Heterocyclic Amines in Cooked Meats

Research has shown that cooking certain meats at high temperatures creates chemicals that are not present in uncooked meats. A few of these chemicals may increase cancer risk. For example, heterocyclic amines (HCAs) are the carcinogenic chemicals formed from the cooking of muscle meats such as beef, pork, fowl, and fish. HCAs form when amino acids (the building blocks of proteins) and creatine (a chemical found in muscles) react at high cooking temperatures. Researchers have identified 17 different HCAs resulting from the cooking of muscle meats that may pose human cancer risk.

Research conducted by the National Cancer Institute (NCI) as well as by Japanese and European scientists indicates that heterocyclic amines are created within muscle meats during most types of high temperature cooking.

Recent studies have further evaluated the relationship associated with methods of cooking meat and the development of specific types of cancer. One study conducted by researchers from NCI's Division of Cancer Epidemiology and Genetics found a link between individuals with stomach cancer and the consumption of cooked meats. The researchers assessed the diets and cooking habits of 176 people diagnosed with stomach cancer and 503 people without cancer. The researchers found that those who ate their beef medium-well or well-done had more than three times the risk of stomach cancer than those who ate their beef rare or medium-rare. They also found that people who ate beef four or more times a week had more than twice the risk of stomach cancer than those consuming beef less frequently. Additional studies have shown that an increased risk of developing colorectal, pancreatic, and breast cancer is associated with high intakes of well-done, fried, or barbequed meats.

Four factors influence HCA formation: type of food, cooking method, temperature, and time. HCAs are found in cooked muscle meats; other sources of protein (milk, eggs, tofu, and organ meats such as liver) have very little or no HCA content naturally or when cooked. Temperature is the most important factor in the formation of HCAs. Frying, broiling, and barbecuing produce the largest amounts of HCAs because the meats are cooked at very high temperatures. One study conducted by researchers showed a threefold increase in the content of HCAs when the cooking temperature was increased from 200° to 250°C (392° to 482°F). Oven roasting and baking are done at lower temperatures, so lower levels of HCAs are likely to form, however, gravy made from meat drippings does contain substantial amounts of HCAs. Stewing, boiling, or poaching are done at or below 100°C (212°F); cooking at this low temperature creates negligible amounts of the chemicals. Foods cooked a long time ("well-done" instead of "medium") by other methods will also form slightly more of the chemicals.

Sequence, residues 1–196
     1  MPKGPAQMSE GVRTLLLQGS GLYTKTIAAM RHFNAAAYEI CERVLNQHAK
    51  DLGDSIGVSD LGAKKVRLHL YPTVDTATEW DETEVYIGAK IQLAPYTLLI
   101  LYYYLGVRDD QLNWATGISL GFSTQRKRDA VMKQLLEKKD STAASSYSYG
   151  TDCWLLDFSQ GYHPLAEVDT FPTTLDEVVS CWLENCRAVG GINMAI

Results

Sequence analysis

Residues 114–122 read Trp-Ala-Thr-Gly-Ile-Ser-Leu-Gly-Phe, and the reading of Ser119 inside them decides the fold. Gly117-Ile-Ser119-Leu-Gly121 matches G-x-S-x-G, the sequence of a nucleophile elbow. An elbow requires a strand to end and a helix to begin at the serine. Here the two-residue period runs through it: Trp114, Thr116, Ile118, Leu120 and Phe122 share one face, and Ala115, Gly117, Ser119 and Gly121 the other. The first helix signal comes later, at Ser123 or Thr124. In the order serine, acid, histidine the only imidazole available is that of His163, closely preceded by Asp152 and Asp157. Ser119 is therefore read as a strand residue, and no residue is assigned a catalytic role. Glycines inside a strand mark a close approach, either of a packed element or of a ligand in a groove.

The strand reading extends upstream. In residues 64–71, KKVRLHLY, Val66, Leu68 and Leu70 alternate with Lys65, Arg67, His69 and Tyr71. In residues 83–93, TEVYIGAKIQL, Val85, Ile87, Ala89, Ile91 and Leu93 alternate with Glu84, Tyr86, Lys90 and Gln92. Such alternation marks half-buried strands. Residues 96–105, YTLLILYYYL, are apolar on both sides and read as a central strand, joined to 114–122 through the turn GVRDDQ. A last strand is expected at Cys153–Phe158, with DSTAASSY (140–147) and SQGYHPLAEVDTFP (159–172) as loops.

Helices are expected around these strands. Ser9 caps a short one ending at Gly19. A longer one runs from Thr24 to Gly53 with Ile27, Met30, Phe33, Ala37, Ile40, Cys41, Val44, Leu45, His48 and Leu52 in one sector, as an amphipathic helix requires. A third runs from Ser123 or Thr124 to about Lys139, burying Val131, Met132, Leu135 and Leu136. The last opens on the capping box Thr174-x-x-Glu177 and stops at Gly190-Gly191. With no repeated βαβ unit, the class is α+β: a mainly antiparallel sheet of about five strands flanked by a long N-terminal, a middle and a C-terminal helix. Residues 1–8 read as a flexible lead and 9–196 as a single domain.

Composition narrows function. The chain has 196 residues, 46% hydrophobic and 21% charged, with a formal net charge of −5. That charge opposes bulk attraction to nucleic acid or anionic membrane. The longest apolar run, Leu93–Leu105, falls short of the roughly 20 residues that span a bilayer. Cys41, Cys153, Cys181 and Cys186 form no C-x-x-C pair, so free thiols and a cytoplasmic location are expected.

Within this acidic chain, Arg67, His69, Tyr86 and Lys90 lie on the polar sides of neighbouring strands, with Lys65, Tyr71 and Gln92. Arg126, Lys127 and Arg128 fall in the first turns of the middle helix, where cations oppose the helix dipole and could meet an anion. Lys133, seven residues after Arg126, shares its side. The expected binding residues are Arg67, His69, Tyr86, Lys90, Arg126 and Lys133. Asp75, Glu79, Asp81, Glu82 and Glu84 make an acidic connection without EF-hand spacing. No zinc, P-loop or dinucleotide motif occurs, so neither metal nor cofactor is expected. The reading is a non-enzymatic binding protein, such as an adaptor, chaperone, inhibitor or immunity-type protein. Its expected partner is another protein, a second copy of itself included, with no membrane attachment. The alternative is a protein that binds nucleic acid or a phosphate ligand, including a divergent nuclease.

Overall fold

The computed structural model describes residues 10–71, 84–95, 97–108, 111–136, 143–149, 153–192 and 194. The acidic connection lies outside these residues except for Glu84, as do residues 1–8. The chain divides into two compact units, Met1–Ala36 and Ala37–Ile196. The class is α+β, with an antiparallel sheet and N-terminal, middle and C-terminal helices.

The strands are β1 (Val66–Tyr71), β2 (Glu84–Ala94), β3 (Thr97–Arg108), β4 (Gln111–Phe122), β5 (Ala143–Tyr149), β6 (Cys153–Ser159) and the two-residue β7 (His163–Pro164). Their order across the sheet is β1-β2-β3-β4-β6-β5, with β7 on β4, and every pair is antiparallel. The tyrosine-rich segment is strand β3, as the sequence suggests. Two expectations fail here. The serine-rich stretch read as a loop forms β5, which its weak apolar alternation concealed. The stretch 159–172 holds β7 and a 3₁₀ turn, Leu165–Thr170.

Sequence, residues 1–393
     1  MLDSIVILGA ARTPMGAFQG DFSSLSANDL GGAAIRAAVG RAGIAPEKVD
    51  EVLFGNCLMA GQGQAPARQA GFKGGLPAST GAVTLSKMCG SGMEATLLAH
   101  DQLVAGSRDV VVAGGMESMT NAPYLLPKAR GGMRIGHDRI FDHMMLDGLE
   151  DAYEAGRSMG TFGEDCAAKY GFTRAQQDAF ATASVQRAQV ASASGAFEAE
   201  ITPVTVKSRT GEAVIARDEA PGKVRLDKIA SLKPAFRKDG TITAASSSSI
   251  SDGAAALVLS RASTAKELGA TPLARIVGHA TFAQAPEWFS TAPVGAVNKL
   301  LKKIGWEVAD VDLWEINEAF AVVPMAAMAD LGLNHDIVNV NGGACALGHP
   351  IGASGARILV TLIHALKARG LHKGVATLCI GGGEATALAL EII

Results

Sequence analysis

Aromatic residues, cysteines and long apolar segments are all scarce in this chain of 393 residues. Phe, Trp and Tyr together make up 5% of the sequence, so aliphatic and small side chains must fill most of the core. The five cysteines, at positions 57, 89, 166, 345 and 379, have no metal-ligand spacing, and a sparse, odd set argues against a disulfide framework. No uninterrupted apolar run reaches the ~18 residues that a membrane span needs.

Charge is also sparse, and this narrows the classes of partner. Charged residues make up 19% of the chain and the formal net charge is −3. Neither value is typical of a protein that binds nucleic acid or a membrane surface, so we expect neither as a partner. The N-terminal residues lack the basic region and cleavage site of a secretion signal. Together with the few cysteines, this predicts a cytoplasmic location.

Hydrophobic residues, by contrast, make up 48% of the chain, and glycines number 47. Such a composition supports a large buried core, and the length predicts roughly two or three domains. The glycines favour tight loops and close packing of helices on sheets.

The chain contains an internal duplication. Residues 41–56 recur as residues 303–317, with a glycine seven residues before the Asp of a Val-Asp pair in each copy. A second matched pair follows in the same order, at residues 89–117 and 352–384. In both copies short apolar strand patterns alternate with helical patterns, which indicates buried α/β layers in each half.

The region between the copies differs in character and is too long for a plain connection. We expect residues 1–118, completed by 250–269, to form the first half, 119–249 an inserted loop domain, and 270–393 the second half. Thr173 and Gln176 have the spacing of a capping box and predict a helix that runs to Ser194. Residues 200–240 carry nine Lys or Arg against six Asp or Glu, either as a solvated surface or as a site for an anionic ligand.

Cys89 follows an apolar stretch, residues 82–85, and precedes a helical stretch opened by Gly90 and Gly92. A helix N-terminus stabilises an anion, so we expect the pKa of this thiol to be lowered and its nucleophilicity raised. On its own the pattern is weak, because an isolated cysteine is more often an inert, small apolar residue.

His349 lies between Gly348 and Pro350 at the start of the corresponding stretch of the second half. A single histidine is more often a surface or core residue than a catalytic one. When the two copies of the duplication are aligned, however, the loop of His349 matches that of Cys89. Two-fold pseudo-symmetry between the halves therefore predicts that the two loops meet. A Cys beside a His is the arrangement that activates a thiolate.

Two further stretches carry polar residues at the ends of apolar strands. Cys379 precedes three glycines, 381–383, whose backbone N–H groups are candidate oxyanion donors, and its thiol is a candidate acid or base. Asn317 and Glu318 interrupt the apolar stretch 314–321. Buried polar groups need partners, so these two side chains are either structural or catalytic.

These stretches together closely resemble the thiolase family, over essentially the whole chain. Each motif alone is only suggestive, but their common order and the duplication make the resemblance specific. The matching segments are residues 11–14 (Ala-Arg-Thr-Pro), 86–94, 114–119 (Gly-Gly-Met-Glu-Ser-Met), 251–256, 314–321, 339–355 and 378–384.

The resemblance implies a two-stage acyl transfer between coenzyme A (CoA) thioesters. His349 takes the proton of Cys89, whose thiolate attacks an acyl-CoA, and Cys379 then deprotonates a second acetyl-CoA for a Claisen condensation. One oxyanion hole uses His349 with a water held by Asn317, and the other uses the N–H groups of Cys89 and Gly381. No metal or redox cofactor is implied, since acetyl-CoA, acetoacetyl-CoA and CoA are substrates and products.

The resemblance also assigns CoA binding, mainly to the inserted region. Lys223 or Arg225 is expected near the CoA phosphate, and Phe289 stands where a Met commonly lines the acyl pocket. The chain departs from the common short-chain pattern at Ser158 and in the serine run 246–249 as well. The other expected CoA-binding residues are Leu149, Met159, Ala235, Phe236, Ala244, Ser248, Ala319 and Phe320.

Meats that are partially cooked in the microwave oven before cooking by other methods also have lower levels of HCAs. Studies have shown that microwaving meat prior to cooking helps to decrease mutagens by removing the precursors. Meats that were microwaved for 2 minutes prior to cooking had a 90-percent decrease in HCA content. In addition, if the liquid that forms during microwaving is poured off before further cooking, the final quantity of HCAs is reduced.

One study has evaluated the content of HCAs in fast food restaurants. After evaluating five kinds of meat products from various fast food restaurant chains, the study concluded that there were low levels of HCAs found in fast food meat products due to factors such as cooking temperature and time. The study suggested that greater exposure to HCAs stems from home cooking and cooking in non-fast-food restaurants where food may be cooked to order and where a larger amount of meat is consumed.

Studies are being conducted to assess the amount of HCAs in the average American diet, but at present the maximum daily intake of HCAs in food has not been established. At the moment, no Federal agency monitors the HCA content of cooked meats (how much a person could be eating), there is no good measure of how much HCAs would have to be eaten to increase cancer risk, and there are no guidelines concerning consumption of foods with HCAs. Further research is needed before such recommendations can be made.

However, concerned individuals can reduce their exposure to HCAs by varying methods of cooking meats; microwaving meats more often, especially before frying, broiling, or barbecuing; and refraining from making gravy from meat drippings.

Source: National Institutes of Health (www.nih.gov)


Last Editorial Review: 7/8/2005




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